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IPCC to assess impact of 1.5 degree warming
  • IPCC to assess impact of 1.5 degree warming

Copyright: Kiara Worth/IISD/ENB

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  • UN climate science body to report in 2018 on effect of aspirational goal

  • The IPCC will analyse potential pathways for emissions reduction

  • It will also prepare two special reports on issues such as food security

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The UN’s climate science body will produce a special research report on the impacts of global warming of 1.5 degrees Celsius — an aspirational temperature target agreed by 195 countries last December.

The promise came about because the Intergovernmental Panel on Climate Change (IPCC) has never focused on this target in any of its periodic assessments of the latest climate science.

After a meeting in Nairobi, Kenya, last week (11-13 April), the IPCC agreed to a request made at the December 2015 Paris Conference of the Parties to provide such a report. The panel will review scientific evidence and literature around the aspirational limit on temperature rise, and deliver a comprehensive analysis of existing science and potential emission reduction pathways in 2018.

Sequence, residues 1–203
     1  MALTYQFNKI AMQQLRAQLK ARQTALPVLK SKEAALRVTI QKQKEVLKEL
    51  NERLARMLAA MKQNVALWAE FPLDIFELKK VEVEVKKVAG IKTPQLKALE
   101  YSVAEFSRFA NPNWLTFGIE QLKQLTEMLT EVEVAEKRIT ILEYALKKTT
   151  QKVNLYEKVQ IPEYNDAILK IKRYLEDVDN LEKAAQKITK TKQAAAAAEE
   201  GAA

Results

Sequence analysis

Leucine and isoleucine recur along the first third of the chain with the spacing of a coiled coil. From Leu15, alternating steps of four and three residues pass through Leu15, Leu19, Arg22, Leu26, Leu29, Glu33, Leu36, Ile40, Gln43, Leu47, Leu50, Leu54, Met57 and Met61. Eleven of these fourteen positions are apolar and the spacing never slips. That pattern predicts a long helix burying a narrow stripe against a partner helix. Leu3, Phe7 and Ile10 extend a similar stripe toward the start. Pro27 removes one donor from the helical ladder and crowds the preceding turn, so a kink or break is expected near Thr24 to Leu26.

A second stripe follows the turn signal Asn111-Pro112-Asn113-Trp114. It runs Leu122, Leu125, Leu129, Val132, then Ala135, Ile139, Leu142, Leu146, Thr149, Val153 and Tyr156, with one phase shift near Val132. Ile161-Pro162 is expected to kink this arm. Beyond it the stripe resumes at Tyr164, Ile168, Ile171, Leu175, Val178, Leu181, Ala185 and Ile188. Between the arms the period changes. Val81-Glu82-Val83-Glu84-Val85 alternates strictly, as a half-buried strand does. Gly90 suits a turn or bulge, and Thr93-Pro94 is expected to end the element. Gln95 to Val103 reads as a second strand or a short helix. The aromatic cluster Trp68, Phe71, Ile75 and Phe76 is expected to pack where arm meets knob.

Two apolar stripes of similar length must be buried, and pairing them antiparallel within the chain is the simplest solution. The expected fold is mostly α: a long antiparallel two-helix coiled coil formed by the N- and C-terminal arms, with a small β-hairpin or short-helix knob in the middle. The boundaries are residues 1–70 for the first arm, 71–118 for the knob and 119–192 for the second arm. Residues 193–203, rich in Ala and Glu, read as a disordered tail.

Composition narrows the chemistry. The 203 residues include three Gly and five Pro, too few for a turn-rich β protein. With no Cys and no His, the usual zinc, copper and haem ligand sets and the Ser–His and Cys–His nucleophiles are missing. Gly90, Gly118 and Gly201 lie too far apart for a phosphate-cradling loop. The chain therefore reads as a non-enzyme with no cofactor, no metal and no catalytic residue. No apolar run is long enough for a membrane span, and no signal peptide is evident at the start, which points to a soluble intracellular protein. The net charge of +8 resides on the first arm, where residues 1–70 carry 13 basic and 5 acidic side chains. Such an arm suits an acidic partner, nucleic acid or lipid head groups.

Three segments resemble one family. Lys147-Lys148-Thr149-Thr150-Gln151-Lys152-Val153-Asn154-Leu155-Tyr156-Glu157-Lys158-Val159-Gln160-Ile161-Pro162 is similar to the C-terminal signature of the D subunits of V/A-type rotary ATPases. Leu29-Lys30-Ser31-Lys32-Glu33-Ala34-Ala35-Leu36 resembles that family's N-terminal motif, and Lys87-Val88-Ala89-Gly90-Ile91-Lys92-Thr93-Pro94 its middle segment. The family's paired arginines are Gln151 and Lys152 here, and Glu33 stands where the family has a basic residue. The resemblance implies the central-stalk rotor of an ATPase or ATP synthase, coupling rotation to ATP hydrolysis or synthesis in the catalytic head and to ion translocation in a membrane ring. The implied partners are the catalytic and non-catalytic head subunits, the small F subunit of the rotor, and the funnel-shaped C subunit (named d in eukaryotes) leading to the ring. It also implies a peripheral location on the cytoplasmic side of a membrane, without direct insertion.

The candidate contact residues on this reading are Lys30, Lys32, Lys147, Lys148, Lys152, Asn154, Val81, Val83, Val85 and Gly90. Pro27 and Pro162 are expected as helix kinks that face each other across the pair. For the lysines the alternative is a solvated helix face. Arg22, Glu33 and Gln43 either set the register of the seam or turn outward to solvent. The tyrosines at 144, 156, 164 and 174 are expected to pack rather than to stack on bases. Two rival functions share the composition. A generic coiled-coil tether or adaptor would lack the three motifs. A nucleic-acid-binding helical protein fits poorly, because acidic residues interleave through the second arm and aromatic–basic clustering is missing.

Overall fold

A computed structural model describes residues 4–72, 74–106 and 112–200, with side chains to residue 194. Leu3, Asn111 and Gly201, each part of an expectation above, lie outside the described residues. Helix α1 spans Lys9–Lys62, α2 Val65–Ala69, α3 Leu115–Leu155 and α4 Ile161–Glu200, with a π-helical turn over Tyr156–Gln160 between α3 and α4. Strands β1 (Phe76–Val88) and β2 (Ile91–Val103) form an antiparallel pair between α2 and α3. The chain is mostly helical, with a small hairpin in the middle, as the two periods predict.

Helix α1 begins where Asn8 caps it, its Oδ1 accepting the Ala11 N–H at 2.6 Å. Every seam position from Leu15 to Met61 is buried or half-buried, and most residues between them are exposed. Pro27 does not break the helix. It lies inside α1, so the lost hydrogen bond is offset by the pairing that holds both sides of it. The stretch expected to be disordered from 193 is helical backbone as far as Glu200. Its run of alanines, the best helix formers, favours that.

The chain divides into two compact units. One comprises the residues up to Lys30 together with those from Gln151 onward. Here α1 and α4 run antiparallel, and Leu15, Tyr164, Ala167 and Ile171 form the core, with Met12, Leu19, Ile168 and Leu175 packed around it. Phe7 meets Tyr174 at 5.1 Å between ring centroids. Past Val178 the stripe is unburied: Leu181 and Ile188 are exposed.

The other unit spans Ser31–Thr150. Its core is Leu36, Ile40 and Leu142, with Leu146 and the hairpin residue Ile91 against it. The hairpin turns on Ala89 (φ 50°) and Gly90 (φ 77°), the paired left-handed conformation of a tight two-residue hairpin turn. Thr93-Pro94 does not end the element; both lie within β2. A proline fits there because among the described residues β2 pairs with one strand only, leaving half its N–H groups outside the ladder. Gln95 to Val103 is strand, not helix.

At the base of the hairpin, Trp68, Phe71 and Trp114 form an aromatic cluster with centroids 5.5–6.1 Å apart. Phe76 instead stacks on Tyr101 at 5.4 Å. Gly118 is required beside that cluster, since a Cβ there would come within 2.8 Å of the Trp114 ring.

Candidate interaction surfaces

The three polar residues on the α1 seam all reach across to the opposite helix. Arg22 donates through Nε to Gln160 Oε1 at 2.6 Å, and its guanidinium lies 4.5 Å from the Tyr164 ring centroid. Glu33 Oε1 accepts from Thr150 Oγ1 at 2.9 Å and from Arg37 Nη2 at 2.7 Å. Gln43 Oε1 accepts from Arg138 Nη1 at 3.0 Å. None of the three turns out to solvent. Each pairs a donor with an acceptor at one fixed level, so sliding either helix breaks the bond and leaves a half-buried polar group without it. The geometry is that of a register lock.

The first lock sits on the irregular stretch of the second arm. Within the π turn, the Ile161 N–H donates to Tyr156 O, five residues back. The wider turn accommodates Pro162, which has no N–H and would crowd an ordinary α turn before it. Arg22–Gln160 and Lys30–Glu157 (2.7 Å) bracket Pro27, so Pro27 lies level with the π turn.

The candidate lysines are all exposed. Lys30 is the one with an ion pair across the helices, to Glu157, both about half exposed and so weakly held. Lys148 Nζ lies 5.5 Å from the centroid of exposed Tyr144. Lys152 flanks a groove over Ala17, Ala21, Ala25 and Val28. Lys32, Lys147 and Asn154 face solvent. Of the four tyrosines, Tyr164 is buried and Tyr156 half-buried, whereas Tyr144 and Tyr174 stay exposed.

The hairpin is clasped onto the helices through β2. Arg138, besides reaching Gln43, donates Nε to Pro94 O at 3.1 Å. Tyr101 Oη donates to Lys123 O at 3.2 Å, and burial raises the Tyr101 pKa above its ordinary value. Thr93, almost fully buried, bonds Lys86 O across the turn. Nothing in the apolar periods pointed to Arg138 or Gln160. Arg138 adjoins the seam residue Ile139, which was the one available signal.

“The report on 1.5 degrees of warming would be framed in the context of the Paris agreement, especially in the light of sustainable development and poverty eradication.”

Ramón Pichs-Madruga, IPCC


In 2010, the UN agreed to cap global warming at two degrees. But the additional aspirational goal of limiting global warming to 1.5 degrees above pre-industrial levels has now been agreed as the only safe level of warming for some of the world’s most vulnerable communities — in particular small island nations.

Ramón Pichs-Madruga, a vice-chair involved in the panel’s Sixth Assessment Report scheduled to be published in 2022, told SciDev.Net that the report on 1.5 degrees of warming “would be framed in the context of the Paris agreement, especially in the light of sustainable development and poverty eradication”.

Panel members said the report will include information to improve decision-making in political negotiations on climate change.

The decision to produce the report should “invite and stimulate scientists worldwide to develop solutions to stop warming at 1.5 degrees”, says Manfred Treber, senior advisor for climate and transport at sustainable development NGO Germanwatch.

Since the Fifth Assessment Report in 2014, there has been new science on 1.5 degree scenarios, says Treber, who attended the Nairobi meeting.
The proposed report comes in the wake of another report on the target, prepared by a scientific body within the UN Framework Convention on Climate Change, which India and Saudi Arabia rejected during the Paris negotiations last December.

Along with the new 1.5 degree Celsius report, the IPCC agreed to prepare two other special reports on climate change’s impacts: one largely dealing with oceans and the other mainly focusing on food security.

Furthermore, the panel signed an agreement with the UN Environment Programme “to develop a library facility for IPCC authors, giving them access to relevant journals and publications at no cost to them”, said IPCC chairman Hoesung Lee.

“This will be particularly useful for authors from developing countries,” he told a press conference.
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